How a Psychotherapist Says Fear Is Holding You Back

This article is an excerpt from the Shortform book guide to "The Confidence Gap" by Russ Harris. Shortform has the world's best summaries and analyses of books you should be reading.

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Is fear holding you back? How do you know if you’re controlled by fear? How do experts say you can overcome fear?

Fear and negative thoughts are instincts that serve an important evolutionary purpose by making you attuned to dangers around you. However, fear also holds you back from confidently doing the things you want to. 

Keep reading to learn psychotherapist Russ Harris’s advice for coexisting with your fears.

Is Fear Holding You Back?

According to psychotherapist Russ Harris, fear is holding you back if you find that you’re waiting for your confidence to naturally arise. He claims that you’ll likely wait forever and never be able to live the rich life you want. This is because you can’t get rid of the negative thoughts and feelings that stymie your confidence—especially the feeling of fear. Fear is an instinct that serves an important evolutionary purpose. Fear and negative thinking make you attuned to dangers around you. However, fear also holds you back from confidently doing the things you want to. 

We can use a simple example to illustrate how fear can hold you back—if you wait until you stop feeling nervous about doing stand-up before you sign up for an open mic night, you’ll likely never do it because you’ll never stop feeling nervous. 

Harris adds that there are specific negative thoughts and fears that undermine your confidence:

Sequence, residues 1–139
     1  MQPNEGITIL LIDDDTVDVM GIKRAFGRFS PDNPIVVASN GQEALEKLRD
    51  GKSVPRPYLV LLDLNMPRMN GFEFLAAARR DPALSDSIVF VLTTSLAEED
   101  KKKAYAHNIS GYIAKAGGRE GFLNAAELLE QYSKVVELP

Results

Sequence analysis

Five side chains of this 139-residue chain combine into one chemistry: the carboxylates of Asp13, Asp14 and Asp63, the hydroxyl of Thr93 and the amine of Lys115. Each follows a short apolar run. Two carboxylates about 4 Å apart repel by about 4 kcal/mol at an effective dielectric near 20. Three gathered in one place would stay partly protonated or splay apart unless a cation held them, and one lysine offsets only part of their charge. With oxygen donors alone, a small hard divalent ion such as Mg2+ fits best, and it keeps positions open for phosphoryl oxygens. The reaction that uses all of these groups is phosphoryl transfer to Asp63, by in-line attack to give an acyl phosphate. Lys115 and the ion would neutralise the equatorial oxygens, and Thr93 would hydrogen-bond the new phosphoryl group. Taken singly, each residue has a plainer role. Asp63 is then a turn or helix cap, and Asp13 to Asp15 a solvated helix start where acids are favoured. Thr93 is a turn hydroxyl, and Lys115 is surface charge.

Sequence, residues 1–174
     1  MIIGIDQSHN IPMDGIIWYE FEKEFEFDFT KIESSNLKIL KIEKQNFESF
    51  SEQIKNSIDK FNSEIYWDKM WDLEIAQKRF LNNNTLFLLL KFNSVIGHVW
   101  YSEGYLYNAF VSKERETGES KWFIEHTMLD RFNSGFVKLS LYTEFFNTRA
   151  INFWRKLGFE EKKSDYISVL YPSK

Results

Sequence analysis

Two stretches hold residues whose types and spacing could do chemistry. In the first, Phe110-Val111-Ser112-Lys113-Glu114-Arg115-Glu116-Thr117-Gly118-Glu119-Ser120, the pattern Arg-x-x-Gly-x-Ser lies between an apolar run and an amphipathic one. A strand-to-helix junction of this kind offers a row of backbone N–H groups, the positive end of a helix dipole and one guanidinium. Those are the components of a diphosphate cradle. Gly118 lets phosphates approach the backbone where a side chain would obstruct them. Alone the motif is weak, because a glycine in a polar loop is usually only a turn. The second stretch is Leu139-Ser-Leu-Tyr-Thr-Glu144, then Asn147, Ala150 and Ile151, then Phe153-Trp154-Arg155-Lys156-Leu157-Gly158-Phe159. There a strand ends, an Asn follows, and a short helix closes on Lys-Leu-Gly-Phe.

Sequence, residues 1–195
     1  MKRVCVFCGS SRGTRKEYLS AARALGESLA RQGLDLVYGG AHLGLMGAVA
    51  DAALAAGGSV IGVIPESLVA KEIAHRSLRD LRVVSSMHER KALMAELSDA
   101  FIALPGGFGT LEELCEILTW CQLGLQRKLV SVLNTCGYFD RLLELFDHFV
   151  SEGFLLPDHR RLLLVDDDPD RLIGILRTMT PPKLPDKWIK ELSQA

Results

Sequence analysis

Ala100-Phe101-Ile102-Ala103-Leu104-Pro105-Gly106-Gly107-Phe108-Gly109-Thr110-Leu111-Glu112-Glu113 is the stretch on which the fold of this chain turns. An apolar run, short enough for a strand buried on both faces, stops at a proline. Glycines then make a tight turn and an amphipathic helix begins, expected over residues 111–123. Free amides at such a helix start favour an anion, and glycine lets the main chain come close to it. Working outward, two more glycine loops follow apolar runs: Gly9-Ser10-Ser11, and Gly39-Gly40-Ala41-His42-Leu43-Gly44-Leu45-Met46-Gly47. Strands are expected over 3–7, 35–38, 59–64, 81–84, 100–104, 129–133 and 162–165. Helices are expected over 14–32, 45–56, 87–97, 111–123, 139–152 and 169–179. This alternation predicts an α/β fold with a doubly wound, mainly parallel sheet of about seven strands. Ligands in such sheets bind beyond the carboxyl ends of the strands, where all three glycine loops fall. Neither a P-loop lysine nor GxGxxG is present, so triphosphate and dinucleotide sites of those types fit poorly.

1. “I can’t meet these expectations.” Unsatisfiable expectations: You expect the impossible of yourself and thus don’t believe you can achieve them. 
  2. “I’m no good.” You think negatively about yourself and your abilities. 
  3. “I’m afraid, so I won’t do it.” You try desperately to avoid the feeling of fear, which makes the fear loom larger in your mind. (For instance, if you fear and desperately avoid public speaking, the act of public speaking will only become more terrifying.)
  4. “I don’t have the skills.” If you don’t yet have the skills or the experience required to do something well, you won’t be confident about doing it. 

If these negative thoughts sound familiar, keep reading to learn how Harris says you can learn to coexist with these kinds of fears and build confidence at the same time.

Relate Skillfully to Negative Thoughts and Fears

Because you’ll never magically gain confidence, lose your negative thoughts, and banish all fears to pursue your goals, the better route to stop letting fear hold you back is to relate to inevitable negative thoughts and fears differently. 

In other words, rather than either pushing bad feelings and thoughts away, “treating” them with positive thoughts, or just waiting for them to vanish on their own (all approaches that won’t give you long-term confidence), develop a different perspective on the thoughts and fears. 

This lets you do things that require confidence without having to wait endlessly for that confidence to arrive. If your dream is to do stand-up, for example, you can go out and do it without waiting for the confidence to miraculously show up. 

The bonus is that when you take the actions that require confidence, you become better at those actions and thus become confident in doing them. For instance, when you attend open mic nights, you inevitably become better at stand-up, and that improvement gives you confidence.